It is possible that you are not actually using the wallet that you think you are. For a long time Bitcoin Core would always create a new wallet if one did not exist. This would often result in people thinking they have restored their wallet (because a wallet was loaded) when in fact a new one was generated. This may be what is happening here.

Or maybe the wallet file just doesn't have anything in it.

  • There have been a few splits and many upgrades to bitcoin and I have not followed that stuff in detail. Could they explain why I am seeing "0.000..."? Maybe my old client is communicating with a new network and some information is lost, somehow?

No. Any transactions that exist before any splits would still be in the wallet. Furthermore, any transactions that are no longer in the blockchain would still appear because they are stored in your wallet. They would just appear as being unconfirmed or conflicted. That nothing appears indicates the wallet file contains nothing.

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  • Thanks for the info. Regarding "not actually using the wallet that you think you are": I am using bitcoind -wallet xxx.dat ... to run the program (it is v0.15.1). Should that properly get it loaded, or is there something else you are referring to? Also: you say a (properly shut-down) bdb5 wallet should be compatible with a recent release version; but I thought the default was bdb4.8? Are you saying a bdb5 wallet be loaded with bdb4.8?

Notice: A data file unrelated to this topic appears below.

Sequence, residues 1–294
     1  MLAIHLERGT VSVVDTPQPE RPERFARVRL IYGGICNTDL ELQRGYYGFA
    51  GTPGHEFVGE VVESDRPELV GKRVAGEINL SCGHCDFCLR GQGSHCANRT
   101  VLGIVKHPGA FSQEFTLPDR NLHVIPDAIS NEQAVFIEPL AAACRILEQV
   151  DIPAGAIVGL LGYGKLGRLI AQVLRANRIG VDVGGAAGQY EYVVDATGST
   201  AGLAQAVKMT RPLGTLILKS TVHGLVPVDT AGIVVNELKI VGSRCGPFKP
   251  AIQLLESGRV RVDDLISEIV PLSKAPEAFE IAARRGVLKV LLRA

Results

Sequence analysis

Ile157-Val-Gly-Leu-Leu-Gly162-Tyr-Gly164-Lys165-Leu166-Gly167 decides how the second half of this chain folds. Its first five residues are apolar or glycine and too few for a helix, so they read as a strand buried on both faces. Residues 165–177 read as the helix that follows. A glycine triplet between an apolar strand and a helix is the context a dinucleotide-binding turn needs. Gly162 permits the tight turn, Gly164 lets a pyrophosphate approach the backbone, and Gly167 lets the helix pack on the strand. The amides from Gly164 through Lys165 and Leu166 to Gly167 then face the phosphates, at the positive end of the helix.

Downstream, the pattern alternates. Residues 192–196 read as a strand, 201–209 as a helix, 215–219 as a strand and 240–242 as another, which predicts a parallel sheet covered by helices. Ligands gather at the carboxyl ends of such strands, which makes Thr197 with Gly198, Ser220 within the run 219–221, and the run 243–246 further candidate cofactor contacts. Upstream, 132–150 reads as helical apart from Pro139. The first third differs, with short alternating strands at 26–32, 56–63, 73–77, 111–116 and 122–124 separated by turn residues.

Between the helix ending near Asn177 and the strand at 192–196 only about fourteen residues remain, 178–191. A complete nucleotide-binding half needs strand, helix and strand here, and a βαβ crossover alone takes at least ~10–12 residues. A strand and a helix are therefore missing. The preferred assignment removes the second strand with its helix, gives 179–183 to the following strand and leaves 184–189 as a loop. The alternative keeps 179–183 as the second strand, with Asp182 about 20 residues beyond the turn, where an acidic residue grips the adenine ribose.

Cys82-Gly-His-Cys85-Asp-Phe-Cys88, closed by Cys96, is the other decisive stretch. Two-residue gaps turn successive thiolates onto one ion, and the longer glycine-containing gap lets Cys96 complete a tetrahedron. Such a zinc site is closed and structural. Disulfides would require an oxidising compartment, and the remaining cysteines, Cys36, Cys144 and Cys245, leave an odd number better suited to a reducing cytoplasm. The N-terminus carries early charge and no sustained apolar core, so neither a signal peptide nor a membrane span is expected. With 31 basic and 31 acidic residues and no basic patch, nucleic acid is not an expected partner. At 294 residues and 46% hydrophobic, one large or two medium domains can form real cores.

– jwd
    Aug 4 at 16:29
  • The correct syntax is -wallet=<wallet name> and the wallet needs to be in the data directory. The only way to be absolutely sure that a new wallet isn't being created is to not use a version that makes new wallets when one doesn't exist. bdb5 and bdb4.8 use the same data format. Only the temp files format changed to be incompatible. So you can use the wallet.dat file created with bdb5 in a version built with bdb4.8.
    – Andrew Chow
    Aug 4 at 16:35
  • Got it working; thank you again for the help. The old bitcoind was taking -wallet=foo.dat and creating an empty wallet of that name (I had foo.dat in the local directory, rather than copied into ~/.bitcoin/... as I should have). Still using bdb5, but I assume that's not actually necessary, from what you said.
    – jwd
    Aug 4 at 23:29
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Yeah it show error some time but you can use pywallet.py to retrieve your privatekey easily. If you don't know how use it search on google pywallet.py you need Python2.7 or 3.9